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Less is more: what does mindfulness mean for economics?

Author(s): Dan Nixon

From Bank Underground:

Economic theory generally assumes that more consumption means greater happiness. This post puts forward an alternative, “less is more” perspective based around the concept of mindfulness. It argues that we may achieve greater happiness by seeking to simplify our desires, rather than satisfy them. The result – less consumption but greater wellbeing – could be especially important for debates around secular stagnation and ecological sustainability.


What is mindfulness?

The past decade has witnessed an explosion of interest in mindfulness, which refers to “paying attention to what’s happening in the present moment in the mind, body and external environment, with an attitude of curiosity.” It is the subject of bestselling books, popular online resources and widespread media coverage. The idea is that, by teaching a person to be more focused on the present moment (typically through simple meditation exercises), they will become considerably less caught up in thoughts about the past or worries about the future.

Practising mindfulness has been found to reduce the incidence of depression, stress and anxiety and it is now widely used by mental health practitioners. But the uptake is far broader than this, with courses on mindfulness increasingly offered in schools, the armed forces and workplaces (including the Bank of England and many commercial banks).

Why does this matter for economics?

Mindfulness has been the subject of extensive research in the fields of psychology, neuroscience, sociology and philosophy. For economists, a number of angles may be of interest. It has been argued that it directly improves wellbeing. In the workplace, it can boost productivity by raising employees’ cognitive skills (as well as reducing days off due to mental illness).

But there are more profound lessons for economics, too.

At root, mindfulness can be understood in terms of what I call – for want of a less clichéd expression – a “less is more” approach to the relationship between consumption and happiness. If true, this has pretty fundamental implications. But before exploring this idea further, we first need to review the “more is more” assumptions of neoclassical consumer theory.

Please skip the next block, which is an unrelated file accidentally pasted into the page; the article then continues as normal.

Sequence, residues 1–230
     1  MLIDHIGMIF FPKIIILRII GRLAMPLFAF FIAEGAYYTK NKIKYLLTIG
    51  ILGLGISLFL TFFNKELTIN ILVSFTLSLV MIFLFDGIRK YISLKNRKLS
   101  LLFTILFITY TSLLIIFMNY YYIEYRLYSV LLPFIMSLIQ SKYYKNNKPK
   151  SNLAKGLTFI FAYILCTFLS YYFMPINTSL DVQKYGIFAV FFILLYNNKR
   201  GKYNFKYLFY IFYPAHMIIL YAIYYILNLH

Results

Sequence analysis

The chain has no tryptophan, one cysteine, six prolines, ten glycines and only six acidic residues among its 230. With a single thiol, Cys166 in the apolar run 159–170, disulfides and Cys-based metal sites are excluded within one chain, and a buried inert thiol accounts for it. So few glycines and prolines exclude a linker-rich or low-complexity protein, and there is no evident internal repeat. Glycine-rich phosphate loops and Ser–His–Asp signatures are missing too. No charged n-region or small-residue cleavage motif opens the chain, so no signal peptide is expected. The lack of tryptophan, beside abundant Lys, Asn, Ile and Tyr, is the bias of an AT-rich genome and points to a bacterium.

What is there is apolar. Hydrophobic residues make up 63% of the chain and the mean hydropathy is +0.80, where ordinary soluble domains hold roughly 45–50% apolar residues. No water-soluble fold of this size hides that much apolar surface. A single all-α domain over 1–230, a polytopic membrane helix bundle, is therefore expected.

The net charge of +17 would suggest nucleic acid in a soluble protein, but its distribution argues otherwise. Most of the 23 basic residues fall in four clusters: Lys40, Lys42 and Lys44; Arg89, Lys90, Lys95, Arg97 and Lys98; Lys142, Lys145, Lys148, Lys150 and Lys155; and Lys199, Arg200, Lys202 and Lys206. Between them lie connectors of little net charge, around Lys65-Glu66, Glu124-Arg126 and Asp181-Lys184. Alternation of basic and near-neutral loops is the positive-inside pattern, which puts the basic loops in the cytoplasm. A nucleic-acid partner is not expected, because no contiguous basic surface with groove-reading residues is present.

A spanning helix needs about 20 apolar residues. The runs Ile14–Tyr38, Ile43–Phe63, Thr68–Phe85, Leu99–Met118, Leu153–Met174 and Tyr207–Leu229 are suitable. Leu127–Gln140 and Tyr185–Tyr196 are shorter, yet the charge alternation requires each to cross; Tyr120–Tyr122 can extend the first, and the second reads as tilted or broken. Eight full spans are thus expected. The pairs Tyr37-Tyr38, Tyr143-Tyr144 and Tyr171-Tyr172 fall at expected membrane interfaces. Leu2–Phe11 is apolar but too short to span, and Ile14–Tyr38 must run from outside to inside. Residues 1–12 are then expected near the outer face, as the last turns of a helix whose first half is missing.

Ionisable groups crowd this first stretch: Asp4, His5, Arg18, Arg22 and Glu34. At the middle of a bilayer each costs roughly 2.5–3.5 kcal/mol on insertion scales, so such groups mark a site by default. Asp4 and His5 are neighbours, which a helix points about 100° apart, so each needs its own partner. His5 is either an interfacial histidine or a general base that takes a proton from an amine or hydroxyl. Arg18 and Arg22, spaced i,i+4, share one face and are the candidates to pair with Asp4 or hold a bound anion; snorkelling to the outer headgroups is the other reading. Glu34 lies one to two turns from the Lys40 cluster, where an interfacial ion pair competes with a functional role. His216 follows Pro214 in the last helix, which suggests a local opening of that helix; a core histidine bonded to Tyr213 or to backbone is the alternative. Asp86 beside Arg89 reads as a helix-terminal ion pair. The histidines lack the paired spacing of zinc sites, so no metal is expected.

Homo economicus: more is more

The term “economic man” was first used in the late nineteenth century, in response to the writings of John Stuart Mill, to mean “a being who desires to possess wealth”. Since then, homo economicus has come to mean an individual that acts rationally to achieve his or her predetermined goals, obtaining the highest possible utility given the information available.

Over time, criticisms of homo economicus have come from various angles. Anthropological studies have suggested that human behaviour in some societies differs considerably from this caricature. And studies in behavioural economics have shown how, in reality, people are nicer than the homo economicus model would suggest – they have “other-regarding preferences” – and how this description ignores the limits to the information people have to base their economic decisions on (see Rabin (1998) for a review).

The illusion of desire: the “less is more” challenge to economic theory

At the heart of the “less is more” challenge to consumer theory that I set out here is an understanding of our desires. The key insight of this approach is that we can be happier by seeking to simplify our desires rather than satisfy them; the result is less consumption yet more utility.

To see where this claim comes from, we turn briefly to Buddhist philosophy – where mindfulness has its origins – and two key tenets in particular:

  • First, all of our mental states – whether we are happy or discontent, feel secure or insecure, and so on – are transient. That is especially the case when these mental states are most directly a function of external conditions like the behaviours of those around us, say, or the things we consume. Most people tend to agree that when we get something that we desired, it makes us happy – but only for a while. And more often than not, once the novelty has worn off, a new desire presents itself to fill the gap.
  • Second, as we get used to consuming more (or accumulating more wealth), at a psychological level it is incredibly difficult not to feel attached to certain amounts of consumption (or wealth).

So, the more we get attached to having certain things – things which only make us happy for a while – the more we set ourselves up for disappointment when we inevitably don’t get what we want – or “enough” of what we want. As the writer Eckhart Tolle puts it:

“There are two ways of being unhappy. Not getting what you want is one. Getting what you want is the other.”